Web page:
USACBI stands with Professor Rabab Abdulhadi against racist and Islamophobic attacks and intimidation


The USACBI Organizing Collective stands in solidarity with USACBI Advisory Board member and San Francisco State University (SFSU) Professor Rabab Abdulhadi and with the members of the SFSU General Union of Palestinian Students (GUPS) as they undergo intimidation, defamation, and attacks by the right-wing Zionist organization, The Lawfare Project.

The Lawfare Project represents an escalation of a campaign that seeks not only to destroy the careers and sabotage the political work of Professor Abdulhadi and GUPS students, but also to destroy the Arab and Muslim Ethnicities and Diasporas (AMED) Studies program and the College of Ethnic Studies at SFSU. This is a prolonged assault, one that has been going on for years.

Despite the intensity and extended nature of this attack, the SFSU administration has yet to speak out in defense of Professor Abdulhadi, members of GUPS, AMED, or the College of Ethnic Studies and its Dean, Kenneth Monteiro. We call upon President Leslie Wong to provide an unequivocal defense of Professor Rabab Abdulhadi, who has undergone years of targeting for her advocacy work for Palestinians, and against Islamophobia and racism against Arabs, Muslims and Palestinians on the SFSU campus. We also call upon President Wong to issue a strong statement of support for GUPS; for the College of Ethnic Studies and Dean Kenneth Monteiro; and for AMED Program. That the administration has remained silent in the face of The Lawfare Project”s attacks on this program and its faculty evidences its complicity with those who would conduct a campaign of flagrant racism at SFSU and at other institutions of higher learning across the United States.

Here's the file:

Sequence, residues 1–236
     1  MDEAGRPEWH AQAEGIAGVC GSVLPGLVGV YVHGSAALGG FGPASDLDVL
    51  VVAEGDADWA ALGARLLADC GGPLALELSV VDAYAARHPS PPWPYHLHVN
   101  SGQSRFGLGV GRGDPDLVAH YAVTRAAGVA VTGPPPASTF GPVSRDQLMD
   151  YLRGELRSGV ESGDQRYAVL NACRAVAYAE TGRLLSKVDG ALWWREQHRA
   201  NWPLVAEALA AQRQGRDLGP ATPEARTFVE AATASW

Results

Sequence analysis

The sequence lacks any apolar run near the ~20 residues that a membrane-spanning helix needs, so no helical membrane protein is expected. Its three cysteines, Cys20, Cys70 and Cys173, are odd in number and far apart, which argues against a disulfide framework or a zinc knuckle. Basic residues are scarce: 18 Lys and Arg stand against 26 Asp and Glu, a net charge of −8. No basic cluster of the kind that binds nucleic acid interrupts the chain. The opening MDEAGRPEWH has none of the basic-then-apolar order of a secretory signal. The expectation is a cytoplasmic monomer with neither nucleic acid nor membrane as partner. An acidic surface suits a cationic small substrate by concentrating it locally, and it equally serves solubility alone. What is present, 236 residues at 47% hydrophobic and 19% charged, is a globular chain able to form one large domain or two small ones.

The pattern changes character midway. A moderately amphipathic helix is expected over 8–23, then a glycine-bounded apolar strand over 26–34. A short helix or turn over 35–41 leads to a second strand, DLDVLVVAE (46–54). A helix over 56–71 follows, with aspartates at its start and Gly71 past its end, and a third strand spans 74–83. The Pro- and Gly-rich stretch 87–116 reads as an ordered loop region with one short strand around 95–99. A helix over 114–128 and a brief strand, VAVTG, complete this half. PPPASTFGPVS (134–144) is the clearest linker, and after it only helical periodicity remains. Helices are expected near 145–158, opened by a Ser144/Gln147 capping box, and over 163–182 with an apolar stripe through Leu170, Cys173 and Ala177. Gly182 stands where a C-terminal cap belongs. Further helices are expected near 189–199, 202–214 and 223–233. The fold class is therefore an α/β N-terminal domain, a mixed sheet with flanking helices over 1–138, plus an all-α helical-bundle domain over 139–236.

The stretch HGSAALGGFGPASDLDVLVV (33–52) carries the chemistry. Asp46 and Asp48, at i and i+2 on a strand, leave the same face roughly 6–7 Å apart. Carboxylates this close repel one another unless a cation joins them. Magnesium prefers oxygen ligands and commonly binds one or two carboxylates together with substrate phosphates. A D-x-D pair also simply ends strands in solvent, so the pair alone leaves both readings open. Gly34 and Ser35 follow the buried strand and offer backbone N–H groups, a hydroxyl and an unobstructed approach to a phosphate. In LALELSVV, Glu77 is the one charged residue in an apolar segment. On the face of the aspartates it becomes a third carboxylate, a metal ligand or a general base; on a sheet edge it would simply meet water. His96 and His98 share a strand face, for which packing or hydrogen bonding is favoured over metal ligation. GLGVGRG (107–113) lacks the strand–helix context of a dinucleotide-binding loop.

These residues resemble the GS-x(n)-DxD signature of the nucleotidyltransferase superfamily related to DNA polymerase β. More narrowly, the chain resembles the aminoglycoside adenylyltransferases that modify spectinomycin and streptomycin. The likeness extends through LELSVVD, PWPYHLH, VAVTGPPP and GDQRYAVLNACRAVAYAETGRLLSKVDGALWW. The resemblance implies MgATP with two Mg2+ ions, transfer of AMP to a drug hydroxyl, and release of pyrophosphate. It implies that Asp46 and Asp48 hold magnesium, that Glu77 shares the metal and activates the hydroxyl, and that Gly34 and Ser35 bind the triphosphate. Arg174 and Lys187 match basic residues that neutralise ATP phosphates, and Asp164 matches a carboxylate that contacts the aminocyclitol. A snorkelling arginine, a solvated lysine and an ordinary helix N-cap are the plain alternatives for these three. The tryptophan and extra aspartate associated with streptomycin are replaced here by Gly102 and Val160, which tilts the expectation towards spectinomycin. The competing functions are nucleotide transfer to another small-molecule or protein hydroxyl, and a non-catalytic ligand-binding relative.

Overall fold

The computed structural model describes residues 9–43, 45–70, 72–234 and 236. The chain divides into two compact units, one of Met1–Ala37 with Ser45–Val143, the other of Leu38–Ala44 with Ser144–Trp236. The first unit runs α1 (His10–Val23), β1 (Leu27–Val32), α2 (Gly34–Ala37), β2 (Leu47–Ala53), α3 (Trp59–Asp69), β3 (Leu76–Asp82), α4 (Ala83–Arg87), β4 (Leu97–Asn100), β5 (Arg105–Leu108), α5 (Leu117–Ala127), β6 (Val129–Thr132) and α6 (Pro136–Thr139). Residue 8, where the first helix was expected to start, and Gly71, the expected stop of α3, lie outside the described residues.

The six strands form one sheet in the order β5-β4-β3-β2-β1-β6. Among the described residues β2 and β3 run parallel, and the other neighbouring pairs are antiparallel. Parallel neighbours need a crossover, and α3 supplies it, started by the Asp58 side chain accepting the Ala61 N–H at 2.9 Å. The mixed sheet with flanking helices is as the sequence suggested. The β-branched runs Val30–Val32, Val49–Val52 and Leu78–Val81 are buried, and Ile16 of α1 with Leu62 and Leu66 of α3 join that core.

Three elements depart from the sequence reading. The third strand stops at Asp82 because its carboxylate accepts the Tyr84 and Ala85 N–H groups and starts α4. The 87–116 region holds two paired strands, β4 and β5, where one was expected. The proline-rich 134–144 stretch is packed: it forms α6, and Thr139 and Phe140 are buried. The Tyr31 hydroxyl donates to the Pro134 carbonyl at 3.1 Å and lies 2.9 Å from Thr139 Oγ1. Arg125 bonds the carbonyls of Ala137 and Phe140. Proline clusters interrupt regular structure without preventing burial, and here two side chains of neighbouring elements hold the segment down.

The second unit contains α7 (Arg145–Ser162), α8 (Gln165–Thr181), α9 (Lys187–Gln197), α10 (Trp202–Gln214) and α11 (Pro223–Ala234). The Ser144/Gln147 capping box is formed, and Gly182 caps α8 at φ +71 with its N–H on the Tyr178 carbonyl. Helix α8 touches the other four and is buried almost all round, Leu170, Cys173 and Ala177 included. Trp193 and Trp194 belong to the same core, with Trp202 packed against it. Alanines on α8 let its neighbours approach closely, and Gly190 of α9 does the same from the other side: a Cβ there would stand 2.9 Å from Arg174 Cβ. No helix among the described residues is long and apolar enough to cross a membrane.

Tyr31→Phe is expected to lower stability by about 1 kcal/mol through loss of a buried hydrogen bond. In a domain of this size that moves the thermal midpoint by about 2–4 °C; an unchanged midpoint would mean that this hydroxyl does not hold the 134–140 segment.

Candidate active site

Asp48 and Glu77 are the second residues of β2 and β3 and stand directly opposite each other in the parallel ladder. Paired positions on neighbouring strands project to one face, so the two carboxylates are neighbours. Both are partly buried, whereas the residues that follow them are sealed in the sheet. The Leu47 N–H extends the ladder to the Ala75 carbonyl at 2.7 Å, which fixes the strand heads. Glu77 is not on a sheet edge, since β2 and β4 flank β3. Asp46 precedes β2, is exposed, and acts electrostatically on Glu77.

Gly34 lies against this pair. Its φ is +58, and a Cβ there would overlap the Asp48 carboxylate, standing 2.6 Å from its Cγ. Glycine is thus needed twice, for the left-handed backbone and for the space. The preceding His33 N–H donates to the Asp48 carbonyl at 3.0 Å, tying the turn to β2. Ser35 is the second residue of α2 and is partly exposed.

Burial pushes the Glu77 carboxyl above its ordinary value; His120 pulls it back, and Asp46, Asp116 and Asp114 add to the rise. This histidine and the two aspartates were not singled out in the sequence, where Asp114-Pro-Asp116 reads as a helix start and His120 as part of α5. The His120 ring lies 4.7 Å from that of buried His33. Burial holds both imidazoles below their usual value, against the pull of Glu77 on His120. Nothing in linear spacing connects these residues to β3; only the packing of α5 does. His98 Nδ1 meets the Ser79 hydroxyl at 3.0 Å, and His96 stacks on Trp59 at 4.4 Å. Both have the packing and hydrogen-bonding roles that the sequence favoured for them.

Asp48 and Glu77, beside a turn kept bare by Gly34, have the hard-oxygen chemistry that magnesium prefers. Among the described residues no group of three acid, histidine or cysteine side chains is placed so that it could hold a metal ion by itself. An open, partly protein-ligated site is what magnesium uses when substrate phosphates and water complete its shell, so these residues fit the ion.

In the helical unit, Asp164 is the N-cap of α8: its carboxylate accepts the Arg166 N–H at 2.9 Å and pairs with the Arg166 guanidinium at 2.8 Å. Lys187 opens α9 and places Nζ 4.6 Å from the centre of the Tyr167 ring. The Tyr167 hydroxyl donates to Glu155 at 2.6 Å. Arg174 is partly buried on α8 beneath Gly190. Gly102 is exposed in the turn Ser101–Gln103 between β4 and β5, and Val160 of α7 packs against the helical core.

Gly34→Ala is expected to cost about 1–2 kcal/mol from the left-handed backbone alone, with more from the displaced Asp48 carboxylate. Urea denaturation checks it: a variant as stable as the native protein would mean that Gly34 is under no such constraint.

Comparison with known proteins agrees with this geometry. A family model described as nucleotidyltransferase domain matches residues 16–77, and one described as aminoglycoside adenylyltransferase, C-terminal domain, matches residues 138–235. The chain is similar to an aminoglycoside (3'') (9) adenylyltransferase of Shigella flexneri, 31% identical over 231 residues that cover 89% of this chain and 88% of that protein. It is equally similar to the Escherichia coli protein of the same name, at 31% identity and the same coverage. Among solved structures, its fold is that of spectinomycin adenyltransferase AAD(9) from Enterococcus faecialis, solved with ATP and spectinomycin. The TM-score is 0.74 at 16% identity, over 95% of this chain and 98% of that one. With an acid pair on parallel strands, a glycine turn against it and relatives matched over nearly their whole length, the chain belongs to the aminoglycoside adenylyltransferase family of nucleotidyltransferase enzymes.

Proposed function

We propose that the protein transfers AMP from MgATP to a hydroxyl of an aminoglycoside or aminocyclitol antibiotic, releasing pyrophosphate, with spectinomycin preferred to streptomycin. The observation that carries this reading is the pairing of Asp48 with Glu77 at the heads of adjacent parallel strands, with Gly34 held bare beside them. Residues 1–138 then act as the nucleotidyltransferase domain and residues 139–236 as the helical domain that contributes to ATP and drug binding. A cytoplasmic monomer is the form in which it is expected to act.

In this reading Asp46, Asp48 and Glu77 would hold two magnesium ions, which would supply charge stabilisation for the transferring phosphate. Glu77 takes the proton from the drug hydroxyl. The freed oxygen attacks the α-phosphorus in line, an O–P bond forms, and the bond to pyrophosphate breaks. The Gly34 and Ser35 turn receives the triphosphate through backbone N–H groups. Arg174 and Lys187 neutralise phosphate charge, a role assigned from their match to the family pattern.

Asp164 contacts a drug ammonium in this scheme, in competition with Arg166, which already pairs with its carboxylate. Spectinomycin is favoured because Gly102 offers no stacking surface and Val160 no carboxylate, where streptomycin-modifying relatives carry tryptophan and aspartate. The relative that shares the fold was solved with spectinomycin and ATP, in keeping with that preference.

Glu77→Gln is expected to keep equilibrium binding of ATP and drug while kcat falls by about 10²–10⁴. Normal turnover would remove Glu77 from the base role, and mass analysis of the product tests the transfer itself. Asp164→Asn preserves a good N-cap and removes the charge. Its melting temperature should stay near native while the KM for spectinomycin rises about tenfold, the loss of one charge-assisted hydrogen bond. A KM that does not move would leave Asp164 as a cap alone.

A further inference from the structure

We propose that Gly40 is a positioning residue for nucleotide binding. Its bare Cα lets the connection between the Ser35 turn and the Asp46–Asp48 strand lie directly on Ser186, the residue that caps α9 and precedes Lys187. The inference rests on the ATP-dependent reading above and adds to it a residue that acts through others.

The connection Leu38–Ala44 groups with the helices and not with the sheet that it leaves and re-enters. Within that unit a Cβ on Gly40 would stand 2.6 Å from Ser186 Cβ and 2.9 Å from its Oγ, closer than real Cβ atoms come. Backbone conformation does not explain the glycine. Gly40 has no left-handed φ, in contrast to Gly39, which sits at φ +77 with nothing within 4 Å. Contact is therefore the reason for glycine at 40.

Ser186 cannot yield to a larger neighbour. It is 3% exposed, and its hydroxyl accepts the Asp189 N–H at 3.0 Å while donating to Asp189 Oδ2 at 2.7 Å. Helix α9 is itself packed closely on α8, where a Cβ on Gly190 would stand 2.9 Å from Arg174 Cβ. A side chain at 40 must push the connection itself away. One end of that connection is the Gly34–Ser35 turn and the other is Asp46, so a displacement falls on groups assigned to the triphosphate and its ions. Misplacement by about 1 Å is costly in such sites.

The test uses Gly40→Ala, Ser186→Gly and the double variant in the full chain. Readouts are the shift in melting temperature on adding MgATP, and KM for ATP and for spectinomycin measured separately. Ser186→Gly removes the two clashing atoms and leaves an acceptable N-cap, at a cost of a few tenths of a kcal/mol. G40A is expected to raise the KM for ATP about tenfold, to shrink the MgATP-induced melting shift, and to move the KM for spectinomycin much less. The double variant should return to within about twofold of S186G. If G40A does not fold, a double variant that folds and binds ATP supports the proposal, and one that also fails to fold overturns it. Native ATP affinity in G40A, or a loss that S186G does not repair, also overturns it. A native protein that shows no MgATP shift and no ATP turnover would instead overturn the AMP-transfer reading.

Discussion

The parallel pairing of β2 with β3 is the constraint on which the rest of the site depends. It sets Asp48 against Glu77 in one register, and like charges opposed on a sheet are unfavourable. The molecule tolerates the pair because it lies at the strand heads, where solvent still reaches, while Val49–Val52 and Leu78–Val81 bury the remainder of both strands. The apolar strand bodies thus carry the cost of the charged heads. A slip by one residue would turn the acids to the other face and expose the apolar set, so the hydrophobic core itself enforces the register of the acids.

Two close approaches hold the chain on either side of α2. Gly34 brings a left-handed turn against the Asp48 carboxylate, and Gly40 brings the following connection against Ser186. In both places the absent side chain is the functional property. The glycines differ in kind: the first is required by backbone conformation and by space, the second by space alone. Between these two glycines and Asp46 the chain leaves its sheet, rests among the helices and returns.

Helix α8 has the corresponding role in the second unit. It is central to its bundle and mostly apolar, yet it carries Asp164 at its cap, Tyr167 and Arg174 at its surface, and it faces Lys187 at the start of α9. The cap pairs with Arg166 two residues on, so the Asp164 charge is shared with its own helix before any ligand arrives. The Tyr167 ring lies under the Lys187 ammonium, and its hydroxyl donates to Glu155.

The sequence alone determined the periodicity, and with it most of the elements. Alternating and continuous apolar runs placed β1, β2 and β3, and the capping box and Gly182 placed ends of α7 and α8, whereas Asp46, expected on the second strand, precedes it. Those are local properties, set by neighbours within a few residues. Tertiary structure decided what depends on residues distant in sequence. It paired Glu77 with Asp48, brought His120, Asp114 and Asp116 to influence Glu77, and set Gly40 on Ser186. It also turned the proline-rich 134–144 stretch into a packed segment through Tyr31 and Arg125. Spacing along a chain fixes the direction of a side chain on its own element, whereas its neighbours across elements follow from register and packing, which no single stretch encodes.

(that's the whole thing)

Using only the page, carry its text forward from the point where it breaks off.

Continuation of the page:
California Scholars for Academic Freedom has provided an explanation of The Lawfare Project and the SFSU administration”s shameful response to it:

The Lawfare Project filed its lawsuit against SFSU in federal court on June 19, 2017. The suit conflates criticism of Israel and its denial of Palestinian rights with anti-Semitism, and on that basis charges SFSU with violating the constitutional and civil rights of Jewish students and community members. The intent of the lawsuit is clear: to silence researchers and advocates for Palestinian rights and to ensure that they are punished.

The Lawfare Project describes itself as “the legal arm of the pro-Israel community.” Its director, Brooke Goldstein, has appeared several times on Fox News and other media and has made explicit Islamophobic statements, for example, discrediting the word “Islamophobia” as a “made-up term propagated by the Muslin [sic] Brotherhood.” She has dismissed concerns around the growing hate speech against Muslims as a “dangerous phenomenon.”  She has denied the very existence of Palestinians, stating, “Why are we using the word Palestinian? There”s no such thing as a Palestinian person.” Furthering its agenda, the Lawfare project has also attacked human rights organizations, including Human Rights Watch and the Center for Constitutional Rights.

The Lawfare Project suit references the protest in April 2016 by SFSU students of a SF Hillel event featuring Jerusalem Mayor Nir Barkat.  The impetus for the student protest was Barkat”s history of home demolitions and racism against Palestinians. When students protested the talk, SF Hillel broadcast false allegations of anti-Semitism and nonexistent physical threats towards Jewish students.  SFSU then conducted its own investigation and determined that these allegations were unfounded.

This independent investigation commissioned by President Wong and conducted by the Van Dermyden Maddux Law Firm on the “April Event” concluded that:

“The protest was directed towards the Mayor of Jerusalem based on his politics, and not towards any of the audience members based on the audience members” protected characteristics.  The record tips in favor of concluding that the protestors” attention, comments and conduct were directed at the Mayor.  This finding is bolstered by the fact that the protestors left the Event shortly after the Mayor exited the room.” And further that “While some audience members were deeply hurt, even frightened, by the protest, in this specific circumstance there were no direct threats of imminent violence that would have justified police intervention, specifically arrest and removal from the area.“